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Always good to hear it worked in the end!
That Beagelbone voltage dip thing has caught a lot of people but the general power management and control has probably saved more hardware and installs than we will ever know.
I can still vividly remember the shockof discovering I had not managed to kill my Kiwi with serious over voltage. I corrected the voltage it just went on without holding a grudge. It's that sort of event that reminds me there are still some things available that have been engineered not just built.
Why is it not good?
I know feeding 5.3V to the Kiwi sounds a bit agricultural but I have unintentionally fed much more than that into the Kiwi (not Beaglebone direct) over an extended period without issue.
Unless you are going to use sense wires in production I'd tweak the supply up to that. A good few of those who post on the forum set the supply above ~5.2V to reduce the chances of issues caused by brown out as described in the quick start. There is DC filtering and traces before it gets passed to the BeagleBone.
Power the lambda on, tweak to 5.2-5.3V, connect only one Kiwi, report back.
Thursday I noticed my WPSR results and spot ranking had tanked, I check a receiver and there was an almighty level of QRM, checked the noise charts and spotted that it started at around 8:15 the previous evening (Wednesday).
I rotated the Wellbrook loop but it was already nulling in roughly the right direction so the signal was large. Here is a screen dump from a CB vertical.
As I have been through this many times here I often feel like just giving up and finding another hobby but after a few misserable hours I figured use the S Meter extension and gather evidence.
All through Thursday, Friday and today really bad though different patern to the first day or so.
Checked after running for nearly eight hours today and it had gone off!
By now I had taken the Wellbrook on an extension coax to a number of points so that I could identify it was coming from one particular house (who I have only spoken to once when they moved in).
Despite previous wasted time approaching neighbours about this sort of problem I knocked on the door, they were great.
Turns out it is a cheap battery charger (£18) in a shed being used to charge, and desulphate by pulse, a lead acid vehicle battery.
Don't buy this charger type please, if you see them kill them with fire and bury them at least ten feet deep.
I said I'd try to sort him some filters for tests and lend him another charger but I might just give him my half decent branded one made back when compliance was a thing, can't face this level of junk again.
One for Rob (no follow up needed),
Checking my Grafana plots, 40m together with 60m were virtually a straight line, all the others looked normal.
Long story short I had a -1000dBm/1Hz recorded at the same time on those two bands so the "Auto" scale was doing it's best to keep everything in view.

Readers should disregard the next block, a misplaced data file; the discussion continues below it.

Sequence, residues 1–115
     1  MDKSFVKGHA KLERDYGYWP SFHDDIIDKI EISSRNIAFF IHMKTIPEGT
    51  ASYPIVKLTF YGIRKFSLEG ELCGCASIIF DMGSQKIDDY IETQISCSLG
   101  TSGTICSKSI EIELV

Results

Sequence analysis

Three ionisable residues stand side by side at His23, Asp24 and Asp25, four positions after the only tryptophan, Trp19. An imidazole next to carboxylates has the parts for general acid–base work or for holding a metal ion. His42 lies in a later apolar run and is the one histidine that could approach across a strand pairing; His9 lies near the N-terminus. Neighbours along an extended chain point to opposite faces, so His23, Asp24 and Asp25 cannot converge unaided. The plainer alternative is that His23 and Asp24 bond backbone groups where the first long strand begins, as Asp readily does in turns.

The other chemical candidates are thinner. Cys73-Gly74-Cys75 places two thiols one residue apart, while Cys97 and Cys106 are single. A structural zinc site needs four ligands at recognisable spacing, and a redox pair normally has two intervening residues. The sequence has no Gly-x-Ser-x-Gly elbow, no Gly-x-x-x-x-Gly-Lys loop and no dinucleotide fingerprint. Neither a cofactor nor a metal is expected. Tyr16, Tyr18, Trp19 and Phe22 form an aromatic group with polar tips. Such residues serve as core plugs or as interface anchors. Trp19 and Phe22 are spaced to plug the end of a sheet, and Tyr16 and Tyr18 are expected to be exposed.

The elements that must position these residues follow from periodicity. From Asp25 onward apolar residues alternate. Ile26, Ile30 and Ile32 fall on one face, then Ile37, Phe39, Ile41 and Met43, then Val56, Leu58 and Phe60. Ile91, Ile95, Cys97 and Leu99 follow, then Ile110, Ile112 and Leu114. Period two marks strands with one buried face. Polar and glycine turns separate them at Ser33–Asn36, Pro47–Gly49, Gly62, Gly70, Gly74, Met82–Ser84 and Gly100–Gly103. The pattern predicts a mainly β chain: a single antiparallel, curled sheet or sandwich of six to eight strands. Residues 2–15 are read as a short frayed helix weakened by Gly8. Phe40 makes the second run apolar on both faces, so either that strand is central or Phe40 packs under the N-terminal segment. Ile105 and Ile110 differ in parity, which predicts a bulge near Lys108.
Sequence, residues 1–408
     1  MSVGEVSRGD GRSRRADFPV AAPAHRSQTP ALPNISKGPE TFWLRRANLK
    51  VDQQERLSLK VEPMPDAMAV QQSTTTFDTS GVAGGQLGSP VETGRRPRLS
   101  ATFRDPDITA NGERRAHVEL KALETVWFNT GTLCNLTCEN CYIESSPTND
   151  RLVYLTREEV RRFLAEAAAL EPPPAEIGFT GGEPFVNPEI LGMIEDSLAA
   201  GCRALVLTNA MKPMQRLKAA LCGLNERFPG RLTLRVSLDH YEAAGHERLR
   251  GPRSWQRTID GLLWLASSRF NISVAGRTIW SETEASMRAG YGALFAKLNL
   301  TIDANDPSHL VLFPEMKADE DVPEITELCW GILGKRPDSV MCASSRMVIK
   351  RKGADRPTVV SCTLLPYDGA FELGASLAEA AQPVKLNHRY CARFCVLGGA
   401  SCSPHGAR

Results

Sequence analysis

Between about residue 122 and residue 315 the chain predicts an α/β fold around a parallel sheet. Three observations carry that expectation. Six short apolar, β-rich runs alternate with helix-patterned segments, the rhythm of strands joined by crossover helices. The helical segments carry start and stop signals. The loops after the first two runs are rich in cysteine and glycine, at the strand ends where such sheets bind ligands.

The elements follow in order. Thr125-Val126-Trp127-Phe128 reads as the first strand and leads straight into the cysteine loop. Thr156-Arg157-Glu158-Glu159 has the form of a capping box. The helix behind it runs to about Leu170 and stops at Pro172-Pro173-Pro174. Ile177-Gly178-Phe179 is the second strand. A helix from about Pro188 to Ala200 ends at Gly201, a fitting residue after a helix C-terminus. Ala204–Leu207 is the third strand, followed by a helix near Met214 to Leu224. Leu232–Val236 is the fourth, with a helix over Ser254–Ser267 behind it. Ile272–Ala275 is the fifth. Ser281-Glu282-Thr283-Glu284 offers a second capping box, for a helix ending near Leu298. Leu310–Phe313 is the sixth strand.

1:36AM was the exact moment we had a fairly local, singular, lightning discharge.
I am somewhat impressed that it caught it, equally disturbed that all my Kit was connected to the antennas at the time.
Project needs a "Thermal Cape"
I've ordered some bits as my scrap box only has a couple of heat pipes and both need a lot of work, would get round the space issue though.
This is just waiting for some themally conductive double sided tape plus a pad for the PMIC and a bit more inspiration on physically retaining at the network end.
The ML-30 has an impedance mismatch that means there is a noise spike around 5MHz with the supplied loop, DSL creates loads around 15MHz so phone lines are an issue.
That said for a balcony install your noise level is better than many. I don't think mine 7m from the house had that few interfering signals.
I would try another BiasTee - feed the voltage to the loop through that. The supplied BiasTee has a 5V-12V step up which does create noise. I used mine with an unregulated "6v 600ma" Linear from a DECT phone, that gives about 10V at the load presented by the ML-30. You could see a bit more noise generally but also some wanted signals may come up throught the noise.
Also buy Ferrite beads, large sizes (11-13mm) wind all your in-home cables through those a few times while watching the waterfall. I did that unitl I could not longer see a difference.
Concentrate on VDSL/ADSL lines and any switchmode supplies.
I aslo found that a large FT240 size ring on the coax (as many turns as possible) realy helped, they are expensive but really do sink the QRM.
It would be interesting to test both the ethernet cable and the supply to the Nano router with a few turns through ferrite.
This is a remarkable difference so I assume the Kiwi is also physicaly very close to the antenna?
If the setup is that sensitive it is probably also seeing other, less obvious noise.
I tend to purchase clip on ferrite for 11-13mm cable then add those to any cables around the Kiwi and close to the antenna.
Pass as many turns through the ferrite as will physically fit. Run the waterfall a little slower and make sure there is a decent bit of "before" prior to any changes.
One advantage of the Kiwi is that the user can have a phone right beside the cable or item under test.
I also leave another device on at the same time with the full span waterfall at half speed, I check that later to confirm any improvement.
I spent far too long doing that but it does mean now that my setup is reasonably resilient in a noise prone location (terraced houses).